Surnames Categorized "TTC stations"

This is a list of surnames in which the categories include TTC stations.
Castle English
From Middle English castel meaning "castle", from Late Latin castellum, originally indicating a person who lived near a castle.
Chester English
From the name of a city in England, derived from Latin castrum "camp, fortress".
Dale English
From Old English dæl meaning "valley", originally indicating a person who lived there.
Davis English, Scottish
Means "son of David". This was the surname of the revolutionary jazz trumpet player Miles Davis (1926-1991).
Dupont French
Means "from the bridge", from French pont "bridge".
Finch English, Literature
From the name of the bird, from Old English finc. It was used by Harper Lee for the surname of lawyer Atticus Finch and his children in her novel To Kill a Mockingbird (1960).
Frank 1 English
Derived from the given name Frank.
George English
Derived from the given name George.
Greenwood English
Topographic name for someone who lived in or near a lush forest, from Old English grene "green" and wudu "wood".
Hill English
Originally given to a person who lived on or near a hill, derived from Old English hyll.
Kennedy Irish
From the Irish name Ó Cinnéidigh meaning "descendant of Cennétig". This surname was borne by assassinated American president John F. Kennedy (1917-1963).
King English
From Old English cyning "king", originally a nickname for someone who either acted in a kingly manner or who worked for or was otherwise associated with a king. A famous bearer was the American civil rights leader Martin Luther King Jr. (1929-1968).
Kipling English
From the name of a town in Yorkshire, of Old English origin meaning "Cyppel's people", from a given name Cyppel of unknown meaning. A famous bearer of this name was the author Rudyard Kipling (1865-1936).
Lawrence English
Derived from the given name Laurence 1. Famous bearers include revolutionary T. E. Lawrence (1888-1935) and author D. H. Lawrence (1885-1930).
Leslie Scottish
From a Scottish clan name, earlier Lesselyn, derived from a place name in Aberdeenshire, itself probably from Gaelic leas celyn meaning "garden of holly".
Mills English
Originally given to one who lived near a mill or who worked in a mill, from Middle English mille.
North English
Name for a person who lived to the north.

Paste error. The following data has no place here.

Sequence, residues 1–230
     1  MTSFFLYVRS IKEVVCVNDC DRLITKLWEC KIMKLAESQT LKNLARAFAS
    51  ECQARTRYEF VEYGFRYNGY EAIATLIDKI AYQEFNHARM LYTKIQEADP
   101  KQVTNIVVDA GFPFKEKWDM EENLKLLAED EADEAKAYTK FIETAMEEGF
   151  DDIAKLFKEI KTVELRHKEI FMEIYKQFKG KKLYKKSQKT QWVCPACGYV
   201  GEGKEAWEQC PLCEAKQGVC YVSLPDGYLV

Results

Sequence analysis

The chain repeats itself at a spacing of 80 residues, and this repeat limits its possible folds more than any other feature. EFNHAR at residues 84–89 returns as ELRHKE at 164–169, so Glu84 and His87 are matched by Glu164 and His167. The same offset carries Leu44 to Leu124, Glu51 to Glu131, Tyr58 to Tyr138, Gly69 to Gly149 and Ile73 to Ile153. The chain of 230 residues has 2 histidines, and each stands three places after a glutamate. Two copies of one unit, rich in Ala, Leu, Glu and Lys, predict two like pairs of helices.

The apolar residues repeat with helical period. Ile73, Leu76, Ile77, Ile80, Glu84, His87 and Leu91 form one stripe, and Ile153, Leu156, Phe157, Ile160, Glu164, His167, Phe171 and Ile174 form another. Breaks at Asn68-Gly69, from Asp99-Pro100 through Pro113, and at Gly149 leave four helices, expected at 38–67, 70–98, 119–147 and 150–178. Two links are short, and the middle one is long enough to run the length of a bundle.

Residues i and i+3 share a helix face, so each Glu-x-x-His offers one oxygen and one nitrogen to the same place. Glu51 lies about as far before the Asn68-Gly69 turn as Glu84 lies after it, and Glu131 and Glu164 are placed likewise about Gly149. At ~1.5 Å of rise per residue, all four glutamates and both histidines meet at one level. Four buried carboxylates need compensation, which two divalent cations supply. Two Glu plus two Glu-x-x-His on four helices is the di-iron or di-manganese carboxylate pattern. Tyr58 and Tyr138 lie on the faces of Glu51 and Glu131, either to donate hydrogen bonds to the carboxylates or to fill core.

Pape French
French cognate of Pope.
Park 2 English
From Middle English park, from Latin parricus, of Frankish origin. This was a name for someone who worked in or lived in a park.
Patrick English
From the given name Patrick.
Queen English
From a given name that was derived from Old English cwen meaning "queen, woman". In some occurrences it may have been a nickname.
Rose 1 English, French, German, Jewish
Means "rose" from Middle English, Old French and Middle High German rose, all from Latin rosa. All denote a person of a rosy complexion or a person who lived in an area abundant with roses. As a Jewish surname it is ornamental, from Yiddish רויז (roiz).
Street English
Habitational name for a person who lived in a place called Street, for example in Somerset. It is derived from Old English stræt meaning "Roman road", from Latin strata.
Vaughan Welsh
From Welsh bychan (mutated to fychan) meaning "little". It was a descriptive name to distinguish father from son.
West English, German
Denoted a person who lived to the west of something, or who came from the west.
Wilson English
Means "son of Will". A famous bearer was the American president Woodrow Wilson (1856-1924).
Wood English, Scottish
Originally denoted one who lived in or worked in a forest, derived from Old English wudu "wood".
York English
From the name of the English city of York, which was originally called Eburacon (Latinized as Eboracum), meaning "yew" in Brythonic. In the Anglo-Saxon period it was corrupted to Eoforwic, based on Old English eofor "boar" and wic "village". This was rendered as Jórvík by the Vikings and eventually reduced to York.